Bangladesh is heading towards the most consequential election in its history on December 30. This was the conclusion of a policy discussion at the Woodrow Wilson Center in Washington DC on November 6. This small but densely populated South Asian country will reach a political inflection point after 5 years of growing authoritarian rule by the one-party government of Prime Minister Sheikh Hasina’s Awami League (AL). The AL’s traditional major opposition, The Bangladesh National Party (BNP), which has competed with it for power over the past three decades (the two traded off periods of governance every 5 years between 1991 and 2008) has been incapacitated since 2014 by the government’s campaign of intimidation and harassment aimed at eliminating it as a viable major party. Its leaders have been disappeared, arrested, run into exile or forced to renounce politics and it is not able to participate in the election on its own. At the same time media voices that were critical of such policies have suffered similar harassment as the government has, in effect, made it dangerous and costly to criticize the government. The recent midnight operation to imprison world acclaimed photo journalist ShahidulAlam and his subsequent torture inside prison for critical comments of government action is the most recent case in point.

But seemingly out of morass of smaller parties this summer, a new force, called the Oikiya (Unity) Front has emerged, led by the iconic secular figure Dr. Kamal Hossain, which has combined with the remnants of the BNP to pose a formidable challenge to the government. The critical task before it is monumental. The inflection point that has been reached is the choice between the consolidation of one-party authoritarianism that the AL government has been pursuing, or a return to a more democratic path that the country was on until 2014. And all indications are that return to the democratic path will be resisted fiercely by the government using many of the same methods that it has used since 2014 to destroy the opposition. Sheikh Hasina’s Awami League government has many tools of repression and intimidation at its command, the tool box of repressive measures widely used by authoritarian governments around the world. This starts with the complete politicization of the election commission, the police and the courts. Anything from arrests of the opposition on phony charges, to extrajudicial killing, to enforced disappearance, to filing spurious court cases is possible and many are in use. BNP leader Khaleda Zia, the first female Prime Minister of the country, is in the jail. There have been a number of attacks on leaders of the next opposition front and these are expected to grow.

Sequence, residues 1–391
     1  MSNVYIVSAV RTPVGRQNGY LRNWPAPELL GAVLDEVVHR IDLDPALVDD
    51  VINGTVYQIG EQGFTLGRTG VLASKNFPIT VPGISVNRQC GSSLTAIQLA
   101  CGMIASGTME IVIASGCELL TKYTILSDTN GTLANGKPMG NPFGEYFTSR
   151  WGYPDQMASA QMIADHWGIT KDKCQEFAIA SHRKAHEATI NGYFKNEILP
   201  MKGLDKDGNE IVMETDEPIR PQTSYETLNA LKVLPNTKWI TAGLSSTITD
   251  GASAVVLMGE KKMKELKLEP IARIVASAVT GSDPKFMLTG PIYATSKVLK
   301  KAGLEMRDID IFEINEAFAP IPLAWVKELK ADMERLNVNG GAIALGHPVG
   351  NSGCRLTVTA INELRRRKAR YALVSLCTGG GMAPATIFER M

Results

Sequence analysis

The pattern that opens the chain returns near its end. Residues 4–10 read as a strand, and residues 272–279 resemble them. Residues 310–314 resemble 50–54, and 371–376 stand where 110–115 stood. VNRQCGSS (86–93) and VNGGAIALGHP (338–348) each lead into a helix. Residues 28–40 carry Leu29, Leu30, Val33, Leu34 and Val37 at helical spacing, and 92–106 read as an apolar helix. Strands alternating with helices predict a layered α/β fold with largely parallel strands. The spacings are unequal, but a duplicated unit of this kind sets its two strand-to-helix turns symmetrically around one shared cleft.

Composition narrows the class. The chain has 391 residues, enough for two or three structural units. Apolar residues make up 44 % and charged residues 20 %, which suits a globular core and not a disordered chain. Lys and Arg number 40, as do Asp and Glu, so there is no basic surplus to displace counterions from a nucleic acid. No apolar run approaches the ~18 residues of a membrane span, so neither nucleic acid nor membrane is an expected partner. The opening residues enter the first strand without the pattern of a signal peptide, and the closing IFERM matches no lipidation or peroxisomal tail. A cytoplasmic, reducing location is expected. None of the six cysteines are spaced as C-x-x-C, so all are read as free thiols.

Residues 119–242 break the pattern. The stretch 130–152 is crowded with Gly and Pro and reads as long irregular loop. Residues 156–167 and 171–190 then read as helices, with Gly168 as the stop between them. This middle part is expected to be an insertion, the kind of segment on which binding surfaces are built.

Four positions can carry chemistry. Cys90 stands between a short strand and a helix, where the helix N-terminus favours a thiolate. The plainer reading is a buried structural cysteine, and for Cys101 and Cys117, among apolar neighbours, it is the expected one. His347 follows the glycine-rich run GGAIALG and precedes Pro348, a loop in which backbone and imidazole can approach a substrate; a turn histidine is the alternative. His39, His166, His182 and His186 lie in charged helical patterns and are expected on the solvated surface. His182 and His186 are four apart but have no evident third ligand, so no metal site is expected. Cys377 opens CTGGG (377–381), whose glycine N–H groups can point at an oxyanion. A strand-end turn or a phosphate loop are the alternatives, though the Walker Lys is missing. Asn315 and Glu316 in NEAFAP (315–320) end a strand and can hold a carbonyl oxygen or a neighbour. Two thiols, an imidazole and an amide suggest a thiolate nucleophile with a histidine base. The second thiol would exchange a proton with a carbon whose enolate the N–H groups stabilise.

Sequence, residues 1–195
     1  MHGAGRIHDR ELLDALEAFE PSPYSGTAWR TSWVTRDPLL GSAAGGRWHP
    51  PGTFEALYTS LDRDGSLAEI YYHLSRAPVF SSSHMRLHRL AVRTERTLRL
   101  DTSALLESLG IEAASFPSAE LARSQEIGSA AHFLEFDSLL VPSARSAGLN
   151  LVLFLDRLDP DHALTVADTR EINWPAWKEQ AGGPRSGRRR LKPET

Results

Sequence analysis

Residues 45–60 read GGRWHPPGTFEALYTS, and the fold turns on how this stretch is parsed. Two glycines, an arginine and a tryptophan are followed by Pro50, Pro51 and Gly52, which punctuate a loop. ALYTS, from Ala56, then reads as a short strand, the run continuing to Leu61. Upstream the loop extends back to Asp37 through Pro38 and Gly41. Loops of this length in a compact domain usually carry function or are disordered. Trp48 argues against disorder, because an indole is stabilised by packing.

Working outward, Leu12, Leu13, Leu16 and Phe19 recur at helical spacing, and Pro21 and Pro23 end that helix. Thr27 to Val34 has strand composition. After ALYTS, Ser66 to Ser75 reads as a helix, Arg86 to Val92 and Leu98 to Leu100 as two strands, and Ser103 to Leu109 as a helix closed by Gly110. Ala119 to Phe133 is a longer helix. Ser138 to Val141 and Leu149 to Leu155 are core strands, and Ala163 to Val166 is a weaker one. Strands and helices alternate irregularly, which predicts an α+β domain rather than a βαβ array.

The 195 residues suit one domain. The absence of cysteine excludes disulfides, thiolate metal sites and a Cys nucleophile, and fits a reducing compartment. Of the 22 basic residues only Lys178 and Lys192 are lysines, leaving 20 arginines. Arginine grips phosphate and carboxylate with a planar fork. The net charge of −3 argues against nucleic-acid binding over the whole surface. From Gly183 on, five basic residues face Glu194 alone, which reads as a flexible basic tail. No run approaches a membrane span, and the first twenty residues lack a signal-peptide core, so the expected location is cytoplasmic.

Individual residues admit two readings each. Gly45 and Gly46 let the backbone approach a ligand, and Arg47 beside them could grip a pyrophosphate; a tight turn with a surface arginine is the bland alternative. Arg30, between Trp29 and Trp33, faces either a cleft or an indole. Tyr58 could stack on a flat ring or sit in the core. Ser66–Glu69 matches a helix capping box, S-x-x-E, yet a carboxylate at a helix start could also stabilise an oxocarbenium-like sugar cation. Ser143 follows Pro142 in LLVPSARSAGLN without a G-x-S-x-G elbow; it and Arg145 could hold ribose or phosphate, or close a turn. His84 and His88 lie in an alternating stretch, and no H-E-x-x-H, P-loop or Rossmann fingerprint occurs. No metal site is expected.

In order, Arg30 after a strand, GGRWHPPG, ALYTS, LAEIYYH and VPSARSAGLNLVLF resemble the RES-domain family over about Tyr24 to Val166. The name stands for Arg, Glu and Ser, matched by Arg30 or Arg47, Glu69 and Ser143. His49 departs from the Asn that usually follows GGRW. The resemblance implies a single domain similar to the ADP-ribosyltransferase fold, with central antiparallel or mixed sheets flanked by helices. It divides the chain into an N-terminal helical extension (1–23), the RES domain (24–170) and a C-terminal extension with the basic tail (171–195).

From all appearances therefore, the government has given up on running on a platform to win hearts and minds and will rely on violence and the threat of violence to crush the opposition. Another indication of this is the government’s postponement of the deployment of the Army, scheduled for December 15 but now postponed to December 23, which will allow it to continue its repressive attacks on the opposition without the interference of the Army whose job it is to provide a peaceful environment for the election in order that people can vote without fear and also that the votes will be counted fairly. It is well within reason that the public, which seems clearly to want political change, could react violently to these measures. Pitched street battles and mass uprisings have marked the history of Bangladesh elections. 
Despite the highly unfavorable electoral environment, heavily controlled by the government, and a stifled and self-censored media, the political coalition that is challenging the government seems determined not to be cowed or to bend to the force being used against it. It is hoping that Western governments and institutions will voice condemnation of the government’s clearly authoritarian tactics and the human rights abuses they entail. Meanwhile, the House of Congress passed a unanimous resolution reaffirming the US commitment to promote free, fair and credible elections in Bangladesh. The Bangladesh public is also hoping that between Western pressure and the Army’s eventual deployment they will be allowed to vote in peace and in a free and fair environment. Despite the roller coaster path of Bangladesh politics, Bangladeshis have historically been firm on their desire and right to determine their own future. They hope to do so again on December 30.

M MushfiqulFazal (Ansarey)
Bangladeshi journalist based in Washington DC
General Secretary, Right to Freedom

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